4 Approaches to Treating Duchenne Muscular Dystrophy Highlighted at PPMD Conference
Discussions of the work being done on four different approaches to treating Duchenne muscular dystrophy (DMD) — repairing or replacing dystrophin, managing inflammation, improving muscle mechanics, and editing dysfunctional genes using CRISPR/CAS9 — were a highlight of sessions at the recent 2018 Parent Project Muscular Dystrophy (PPMD) conference in Scottsdale, Arizona.
Patients, parents, doctors, researchers, and industry executives gathered at the conference to share news and listen to sessions, including four led by pharmaceutical and biotech companies reporting results of preclinical and clinical work on each of these four potential treatment methods for DMD.
Restoring or Replacing Dystrophin
Representatives from five companies working to develop treatments that restore or replace dystrophin, a protein that normally supports skeletal and cardiac muscle function but is dysfunctional in DMD patients, presented data from recent trials.
NS Pharma shared results from Phase 1/2 and Phase 2 (NCT02740972) studies of NS-065/NCNP-01, conducted in North America and Japan. The investigational therapy, which is designed to encourage cells to skip over a mutation in exon 53, seemed to allow patients to naturally develop a smaller, but somewhat functional, form of dystrophin. The randomized, placebo-controlled studies showed some evidence of a dose-dependent increase in the formation of the protein.
An open-label Phase 2 extension study (NCT03167255) is continuing to evaluate the therapy’s safety and potential effectiveness in 19 boys with DMD. All are being treated with a once-weekly intravenous injection of NS-065/NCNP-01 at either 40 mg/kg or 80 mg/kg for 72 weeks.
Wave Life Sciences presented data on a similar candidate, WVE-210201, targeting a mutation on exon 51. The data came from in vitro cellular studies and research done in mice. The company is currently enrolling patients, ages 5 to 12, in a randomized, double-blind, placebo-controlled Phase 1 trial (NCT03508947) at sites in the U.S., France, and the U.K. Wave Life is planning to research a new therapy targeting exon 53 in 2019.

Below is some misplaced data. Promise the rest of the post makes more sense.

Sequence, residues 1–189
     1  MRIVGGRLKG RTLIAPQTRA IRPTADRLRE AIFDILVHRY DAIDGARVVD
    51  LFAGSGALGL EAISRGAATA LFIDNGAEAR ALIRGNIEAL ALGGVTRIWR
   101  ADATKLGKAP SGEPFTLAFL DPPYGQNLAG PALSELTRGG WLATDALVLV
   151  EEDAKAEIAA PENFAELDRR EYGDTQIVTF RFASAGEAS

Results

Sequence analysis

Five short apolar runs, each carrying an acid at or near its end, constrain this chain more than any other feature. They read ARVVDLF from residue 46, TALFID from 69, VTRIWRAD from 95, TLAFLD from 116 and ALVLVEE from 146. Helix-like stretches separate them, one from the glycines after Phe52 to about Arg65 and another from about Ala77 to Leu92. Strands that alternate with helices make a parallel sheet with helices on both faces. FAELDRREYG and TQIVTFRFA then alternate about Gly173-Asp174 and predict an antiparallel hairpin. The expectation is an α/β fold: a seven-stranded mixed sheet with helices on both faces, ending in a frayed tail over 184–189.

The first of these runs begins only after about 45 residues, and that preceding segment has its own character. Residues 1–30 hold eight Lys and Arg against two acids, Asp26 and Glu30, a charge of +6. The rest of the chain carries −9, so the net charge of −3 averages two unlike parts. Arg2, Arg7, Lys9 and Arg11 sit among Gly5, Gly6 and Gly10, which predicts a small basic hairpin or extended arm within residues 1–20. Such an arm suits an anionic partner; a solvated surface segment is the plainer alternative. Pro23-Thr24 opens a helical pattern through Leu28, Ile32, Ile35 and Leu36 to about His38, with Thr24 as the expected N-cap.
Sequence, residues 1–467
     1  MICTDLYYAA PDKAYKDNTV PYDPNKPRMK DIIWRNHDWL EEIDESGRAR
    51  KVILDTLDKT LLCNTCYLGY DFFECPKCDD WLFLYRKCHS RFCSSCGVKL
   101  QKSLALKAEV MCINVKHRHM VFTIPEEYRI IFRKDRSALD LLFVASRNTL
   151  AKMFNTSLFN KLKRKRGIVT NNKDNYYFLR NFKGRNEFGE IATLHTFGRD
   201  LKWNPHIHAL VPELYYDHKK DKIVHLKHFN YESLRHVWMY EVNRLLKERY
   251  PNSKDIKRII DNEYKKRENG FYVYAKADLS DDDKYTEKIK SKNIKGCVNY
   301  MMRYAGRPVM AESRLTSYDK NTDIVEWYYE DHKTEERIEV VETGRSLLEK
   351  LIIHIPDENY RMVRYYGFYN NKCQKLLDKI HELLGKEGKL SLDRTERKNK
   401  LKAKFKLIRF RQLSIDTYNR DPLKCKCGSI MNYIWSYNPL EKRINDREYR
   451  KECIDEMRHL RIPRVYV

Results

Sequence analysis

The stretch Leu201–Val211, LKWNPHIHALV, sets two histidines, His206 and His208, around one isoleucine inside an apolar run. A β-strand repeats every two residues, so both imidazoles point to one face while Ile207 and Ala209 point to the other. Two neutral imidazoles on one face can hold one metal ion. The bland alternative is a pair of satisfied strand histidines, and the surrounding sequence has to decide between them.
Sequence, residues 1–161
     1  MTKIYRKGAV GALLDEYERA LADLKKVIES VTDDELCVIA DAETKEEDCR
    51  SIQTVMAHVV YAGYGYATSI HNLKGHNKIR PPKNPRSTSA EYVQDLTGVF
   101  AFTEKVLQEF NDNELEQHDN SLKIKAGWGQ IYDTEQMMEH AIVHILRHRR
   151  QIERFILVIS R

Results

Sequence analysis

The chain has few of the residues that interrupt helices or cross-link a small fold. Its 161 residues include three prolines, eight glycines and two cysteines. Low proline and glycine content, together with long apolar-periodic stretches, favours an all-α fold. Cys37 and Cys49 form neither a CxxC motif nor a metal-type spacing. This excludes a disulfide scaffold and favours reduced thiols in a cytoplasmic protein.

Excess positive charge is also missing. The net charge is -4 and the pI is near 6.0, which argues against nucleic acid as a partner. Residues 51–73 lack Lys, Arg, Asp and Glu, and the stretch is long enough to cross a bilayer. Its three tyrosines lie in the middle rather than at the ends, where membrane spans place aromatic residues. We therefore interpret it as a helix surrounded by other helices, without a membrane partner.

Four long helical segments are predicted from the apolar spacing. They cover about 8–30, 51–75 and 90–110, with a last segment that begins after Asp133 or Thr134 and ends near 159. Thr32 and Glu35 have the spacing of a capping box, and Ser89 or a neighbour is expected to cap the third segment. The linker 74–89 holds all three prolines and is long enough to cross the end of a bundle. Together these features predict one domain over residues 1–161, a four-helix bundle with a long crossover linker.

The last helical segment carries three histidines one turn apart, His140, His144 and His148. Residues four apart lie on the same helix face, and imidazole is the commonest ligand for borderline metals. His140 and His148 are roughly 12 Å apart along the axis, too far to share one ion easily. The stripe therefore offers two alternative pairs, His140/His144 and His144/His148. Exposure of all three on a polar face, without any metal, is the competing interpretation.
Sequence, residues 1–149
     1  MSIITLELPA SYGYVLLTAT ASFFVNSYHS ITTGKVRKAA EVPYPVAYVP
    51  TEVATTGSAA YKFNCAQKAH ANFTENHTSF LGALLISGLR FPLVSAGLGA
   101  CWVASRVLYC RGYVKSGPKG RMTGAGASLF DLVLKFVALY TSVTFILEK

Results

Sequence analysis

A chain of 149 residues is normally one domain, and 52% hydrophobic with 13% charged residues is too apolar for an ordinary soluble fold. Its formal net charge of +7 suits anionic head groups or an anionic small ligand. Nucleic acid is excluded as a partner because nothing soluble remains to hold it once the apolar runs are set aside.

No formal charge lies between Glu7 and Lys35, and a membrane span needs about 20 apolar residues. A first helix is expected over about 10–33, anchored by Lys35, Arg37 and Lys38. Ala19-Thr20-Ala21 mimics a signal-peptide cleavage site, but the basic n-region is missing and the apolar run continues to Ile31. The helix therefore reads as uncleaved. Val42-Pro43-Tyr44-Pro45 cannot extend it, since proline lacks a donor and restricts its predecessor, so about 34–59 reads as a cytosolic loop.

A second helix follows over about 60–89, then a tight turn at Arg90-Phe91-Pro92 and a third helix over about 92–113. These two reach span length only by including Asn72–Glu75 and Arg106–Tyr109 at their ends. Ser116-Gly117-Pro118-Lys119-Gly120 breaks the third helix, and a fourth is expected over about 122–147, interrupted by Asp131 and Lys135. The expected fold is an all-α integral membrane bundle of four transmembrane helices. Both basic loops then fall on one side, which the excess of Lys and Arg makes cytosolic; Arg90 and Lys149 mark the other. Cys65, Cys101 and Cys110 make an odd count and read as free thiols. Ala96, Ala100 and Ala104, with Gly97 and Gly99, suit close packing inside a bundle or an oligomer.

Sarepta Therapeutics presented preclinical data on several candidates targeting different exons, and discussed a new open-label Phase 1 trial (NCT03375255) testing an exon 51-skipping potential treatment, SRP-5051. This study is enrolling male patients, ages 12 and older, at sites across the U.S.
The session briefly took a somber turn when a representative from Summit Therapeutics touched upon the company’s decision to discontinue its development of ezutromid based on Phase 2 trial data showing a lack of benefit to DMD patients.
The session ended with PTC Therapeutics addressing developments with Translarna (ataluren), approved in the EU as the first treatment targeting the underlying cause of DMD. Translarna is not approved for use in the U.S., but is expected to come under FDA review again in about a year.
A long-term, randomized Phase 3 trial (NCT03179631) testing Translarna’s effects on disease progression versus placebo is enrolling about 250 patients with nonsense mutations, ages 5 and older, across the U.S., Europe, Asia, and Australia.
Therapies targeting inflammation, such as glucocorticoids, have commonly been prescribed to DMD patients for decades. Research suggests they can help prolong patients’ ability to walk. But many patients — and parents — oppose their use due to concerns about side effects, such as bone loss and weight gain.
Five companies presented data on new and potentially different ways of treating inflammation in DMD patients.
Reveragen presented data from an open-label Phase 2a trial (NCT02760277) suggesting that vamorolone could be safer than existing steroids, such as prednisone. Researchers developed this potential treatment to be what is called a “dissociative steroid,” meaning that its potential effectiveness is chemically separated from potential side effects. The next trial testing this therapy, anticipated to start in 2019, will include DMD patients ages 2 to 4 and 7 to 18.
Catabasis presented Phase 2 trial data (NCT02439216) on edasalonexent, which inhibits a protein complex called the nuclear factor kappa-light-chain-enhancer of activated B-cells (NF-kB,) known to be involved in inflammation. The therapy showed potential to slow disease progression. A Phase 3 trial is also planned that will measure ambulatory and timed movement functions, and collect MRI scans of muscles to determine their fat fractions.